‘Oral History’ Sources

We often refer to family stories as “oral history.” But written documents might well be considered a kind of “oral history” in that they were based, not on verifiable records, but on anecdotes or communal memories.

Family stories may have appeared in print, such as in county and town histories published through the United States from the 1870s to 1910s. These often contained brief accounts of families living in the area at the time, sometimes alongside names, vital record dates, and current or previous places of residence. These facts are easy enough to verify using records, but should be categorized as family lore until then.

Other family stories or memories might appear in more-conventional genealogy records, though you’ll still want to view them with a critical eye.

For example, death certificates are primary resources for information about that event: date, place and cause. They also contain other life details about the deceased: date and place of birth, age, and names of parents. But those latter details come, not from direct observation of the event, but from an informant (usually the deceased’s spouse, sibling or child). This information is only as reliable as the person who provided it, who likely wasn’t present for those events. So you’ll want to fact-check those details (particularly for hard-to-know information like a grandmother’s maiden name) before accepting them as true.

Learn the difference between original and derivative records and how important they are to understanding and evaluating sources for your research.

Case 2: Confusion About Settlement Patterns and Names

Colonial American origin stories are also ripe with misinformation. One simple misunderstanding are the “Pennsylvania Dutch,” an 18th-century group many mistakenly believe to descend from the Netherlands. In fact, the group came from Germany; the term derives from Pennsylvania Deitsch, referring to settlers who spoke German.

My own direct male-line ancestors (surname Hite, originally Heyd or Heydt) were Germans who settled in Pennsylvania in the 1750s. But my father and his siblings all grew up with the understanding that our Hite ancestors had been Dutch, probably for that very reason. An added factor cannot be discounted, though; my paternal grandfather was a veteran of World War I, and may not have wanted to admit being of German descent.

Studying social history can help in such cases. As with the Williams in North Carolina, I looked for clues in geography and settlement patterns. The fact that my ancestors lived in Pennsylvania, rather than New York, was strong evidence of German descent in and of itself. The Dutch helped found New York, but were virtually nonexistant in Pennsylvania (where Germans proliferated).

But unlike with the Williams case study, surname spelling and naming patterns weren’t of much help. The spelling of Hite is ethnically ambiguous, and I suspected it had been altered in the New World (further muddying its origins). According to previous studies, some Hites did seem to descend from German Heyds or Heydts. But others came from the British Height, Hight or Hoyt. (Like Germans, Brits had come in droves to Pennsylvania during the Colonial era.) I got lucky—I found a document signed in 1787 by my immigrant ancestor John Hite (originally Johannes Heyd or Heytt). His signature was in unmistakable 18th-century German handwriting.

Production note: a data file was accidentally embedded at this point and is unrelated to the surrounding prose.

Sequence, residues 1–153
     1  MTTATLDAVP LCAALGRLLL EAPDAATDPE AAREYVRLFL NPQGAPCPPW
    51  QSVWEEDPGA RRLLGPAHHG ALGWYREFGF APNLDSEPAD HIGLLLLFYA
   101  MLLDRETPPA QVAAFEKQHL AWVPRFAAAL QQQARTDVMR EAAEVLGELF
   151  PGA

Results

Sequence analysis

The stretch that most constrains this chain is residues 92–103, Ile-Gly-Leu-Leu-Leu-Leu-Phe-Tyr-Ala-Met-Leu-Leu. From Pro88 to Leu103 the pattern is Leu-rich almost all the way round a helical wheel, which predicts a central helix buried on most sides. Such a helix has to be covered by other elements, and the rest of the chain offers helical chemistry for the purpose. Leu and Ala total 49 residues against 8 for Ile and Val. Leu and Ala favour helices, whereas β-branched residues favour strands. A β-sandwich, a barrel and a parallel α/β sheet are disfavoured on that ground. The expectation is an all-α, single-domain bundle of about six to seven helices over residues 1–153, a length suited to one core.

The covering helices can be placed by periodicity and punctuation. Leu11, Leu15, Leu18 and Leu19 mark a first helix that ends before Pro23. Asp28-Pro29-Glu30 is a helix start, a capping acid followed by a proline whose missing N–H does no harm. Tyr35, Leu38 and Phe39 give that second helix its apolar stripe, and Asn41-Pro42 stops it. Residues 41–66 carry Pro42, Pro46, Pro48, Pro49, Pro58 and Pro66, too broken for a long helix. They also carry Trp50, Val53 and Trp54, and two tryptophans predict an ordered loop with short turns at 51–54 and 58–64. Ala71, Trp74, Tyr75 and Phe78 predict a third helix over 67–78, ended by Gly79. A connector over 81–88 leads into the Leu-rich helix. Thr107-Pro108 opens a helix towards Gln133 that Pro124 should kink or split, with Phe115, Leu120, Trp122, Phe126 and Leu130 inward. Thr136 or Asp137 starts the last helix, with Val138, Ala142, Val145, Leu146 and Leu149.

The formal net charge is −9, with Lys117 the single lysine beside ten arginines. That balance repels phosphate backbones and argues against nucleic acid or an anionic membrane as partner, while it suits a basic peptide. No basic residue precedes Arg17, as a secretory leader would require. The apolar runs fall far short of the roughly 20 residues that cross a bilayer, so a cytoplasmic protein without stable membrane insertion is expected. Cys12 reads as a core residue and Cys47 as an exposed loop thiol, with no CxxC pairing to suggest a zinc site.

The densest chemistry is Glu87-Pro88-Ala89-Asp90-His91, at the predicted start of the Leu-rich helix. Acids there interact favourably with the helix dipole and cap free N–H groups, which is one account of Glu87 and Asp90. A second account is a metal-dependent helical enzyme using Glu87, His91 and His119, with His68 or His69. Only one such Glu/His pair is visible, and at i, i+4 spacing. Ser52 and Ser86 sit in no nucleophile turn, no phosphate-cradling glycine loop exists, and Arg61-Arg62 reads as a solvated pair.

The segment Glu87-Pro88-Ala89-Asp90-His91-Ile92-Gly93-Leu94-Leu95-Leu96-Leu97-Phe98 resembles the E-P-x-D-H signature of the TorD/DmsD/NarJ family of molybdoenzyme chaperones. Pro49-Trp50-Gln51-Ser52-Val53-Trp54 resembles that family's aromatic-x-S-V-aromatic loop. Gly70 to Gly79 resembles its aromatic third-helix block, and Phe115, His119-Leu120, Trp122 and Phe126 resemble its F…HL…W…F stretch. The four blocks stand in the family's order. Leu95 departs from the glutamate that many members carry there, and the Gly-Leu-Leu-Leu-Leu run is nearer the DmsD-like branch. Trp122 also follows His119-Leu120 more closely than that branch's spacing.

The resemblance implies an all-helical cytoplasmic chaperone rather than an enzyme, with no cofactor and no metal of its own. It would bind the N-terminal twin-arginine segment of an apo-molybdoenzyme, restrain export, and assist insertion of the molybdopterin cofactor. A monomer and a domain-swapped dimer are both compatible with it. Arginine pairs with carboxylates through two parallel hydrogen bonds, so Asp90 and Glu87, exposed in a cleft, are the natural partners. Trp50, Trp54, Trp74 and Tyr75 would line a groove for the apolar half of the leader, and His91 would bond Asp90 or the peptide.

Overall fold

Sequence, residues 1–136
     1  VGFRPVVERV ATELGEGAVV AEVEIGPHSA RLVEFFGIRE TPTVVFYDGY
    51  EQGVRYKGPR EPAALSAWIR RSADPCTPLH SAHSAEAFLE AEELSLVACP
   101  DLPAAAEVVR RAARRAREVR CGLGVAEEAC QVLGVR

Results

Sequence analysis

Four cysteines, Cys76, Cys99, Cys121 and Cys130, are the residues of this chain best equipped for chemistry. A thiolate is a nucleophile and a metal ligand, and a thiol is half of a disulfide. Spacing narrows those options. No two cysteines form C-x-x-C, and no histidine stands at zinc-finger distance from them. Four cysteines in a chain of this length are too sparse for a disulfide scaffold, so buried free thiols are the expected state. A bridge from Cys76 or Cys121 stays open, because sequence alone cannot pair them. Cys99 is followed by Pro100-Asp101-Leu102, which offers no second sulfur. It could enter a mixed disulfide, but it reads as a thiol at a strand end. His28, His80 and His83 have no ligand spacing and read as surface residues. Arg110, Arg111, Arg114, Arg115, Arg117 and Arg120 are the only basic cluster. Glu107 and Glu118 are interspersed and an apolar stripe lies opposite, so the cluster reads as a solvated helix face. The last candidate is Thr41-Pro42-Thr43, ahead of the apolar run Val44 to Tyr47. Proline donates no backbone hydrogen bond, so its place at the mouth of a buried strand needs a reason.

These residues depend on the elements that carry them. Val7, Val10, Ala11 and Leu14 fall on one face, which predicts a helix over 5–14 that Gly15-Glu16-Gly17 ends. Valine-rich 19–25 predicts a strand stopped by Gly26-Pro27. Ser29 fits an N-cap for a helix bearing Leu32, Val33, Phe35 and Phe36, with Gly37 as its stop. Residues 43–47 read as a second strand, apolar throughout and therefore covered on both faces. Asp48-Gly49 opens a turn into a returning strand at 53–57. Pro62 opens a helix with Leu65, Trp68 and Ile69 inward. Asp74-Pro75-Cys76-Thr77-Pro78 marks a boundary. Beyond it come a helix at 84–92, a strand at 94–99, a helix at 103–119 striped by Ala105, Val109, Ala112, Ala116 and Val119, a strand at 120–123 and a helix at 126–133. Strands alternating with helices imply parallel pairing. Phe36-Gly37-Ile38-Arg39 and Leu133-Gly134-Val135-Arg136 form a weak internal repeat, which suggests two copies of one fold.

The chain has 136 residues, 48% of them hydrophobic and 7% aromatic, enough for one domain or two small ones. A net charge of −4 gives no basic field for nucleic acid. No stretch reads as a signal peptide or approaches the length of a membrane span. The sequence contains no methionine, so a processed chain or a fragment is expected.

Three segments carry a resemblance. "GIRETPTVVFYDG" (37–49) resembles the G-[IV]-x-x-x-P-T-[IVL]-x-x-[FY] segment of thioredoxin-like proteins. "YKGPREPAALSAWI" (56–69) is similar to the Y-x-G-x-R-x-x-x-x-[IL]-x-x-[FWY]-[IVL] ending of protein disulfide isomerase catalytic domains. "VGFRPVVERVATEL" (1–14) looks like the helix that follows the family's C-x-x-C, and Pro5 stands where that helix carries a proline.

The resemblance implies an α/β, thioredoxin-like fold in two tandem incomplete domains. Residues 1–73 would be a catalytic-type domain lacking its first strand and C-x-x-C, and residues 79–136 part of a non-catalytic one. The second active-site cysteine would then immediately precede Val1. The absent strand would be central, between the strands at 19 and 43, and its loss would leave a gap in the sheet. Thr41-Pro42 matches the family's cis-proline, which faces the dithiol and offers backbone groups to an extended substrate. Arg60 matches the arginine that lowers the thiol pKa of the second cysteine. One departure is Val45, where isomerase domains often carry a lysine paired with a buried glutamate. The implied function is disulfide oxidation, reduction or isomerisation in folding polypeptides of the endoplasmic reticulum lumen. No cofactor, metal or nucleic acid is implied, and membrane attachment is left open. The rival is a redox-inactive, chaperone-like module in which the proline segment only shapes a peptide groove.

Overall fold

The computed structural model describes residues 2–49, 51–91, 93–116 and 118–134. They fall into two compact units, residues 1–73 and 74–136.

Those who are not so lucky and have ethnically ambiguous surnames can look for certain clues. One is the given names used by the family in the Colonial era, particularly masculine names (which were more likely to be included in records). Some extremely common given names like John and Jacob are meaningless; John can simply be an Anglicization of Johannes (as was the case with my ancestor), and the name Jacob is common among both Germans and Englishmen. But if the family has given names such as Conrad, Gottfried, and Mathias, you have a much stronger case for German origin. Likewise, names such as Joshua, Nehemiah and Ephraim are almost certainly English (or, at least, British Empire).

Surnames of neighbors also provide important clues, as people tended to settle in groups of their countrymen. A Smith family surrounded by people with surnames such as Leinbach, Baumann, or Mock may likely be German, and have Anglicized their last name from Schmidt. But if the family’s nearest neighbors are Collinses, Ellsworths, or Potters, they probably have British origins.

For given names found among multiple nationalities (such as Christopher), look to any nicknames. Germans named Christopher are often found listed in records by the nickname Stophel. But Englishmen with that name may be referred to as Kit.

Want to know more about surnames? Follow our guide to find out where hereditary family names came from and how to learn more about your last name.

Case 3: False Associations with Famous People

Ethnicity origin stories are not the only traditions that research may find flaws in. Others are relationships to a famous person with the same surname.

One notable example is Kentucky pioneer Daniel Boone (1734–1820), who has inspired family myths for seemingly every European-American Boone family. Boone is not a common surname, nor has it historically been associated with the economic elite. But its presence in your family tree does not guarantee a relationship with the famous frontiersmen.

If you have such a story in your family, first evaluate the historical figure’s proven family history. The oldest of Daniel’s male-line ancestors who came to the United States was his paternal grandfather, George Boone (1666–1744). George and his wife Mary had a large family, as did Daniel himself—opening the possibility that their descendants include someone with the Boone surname today.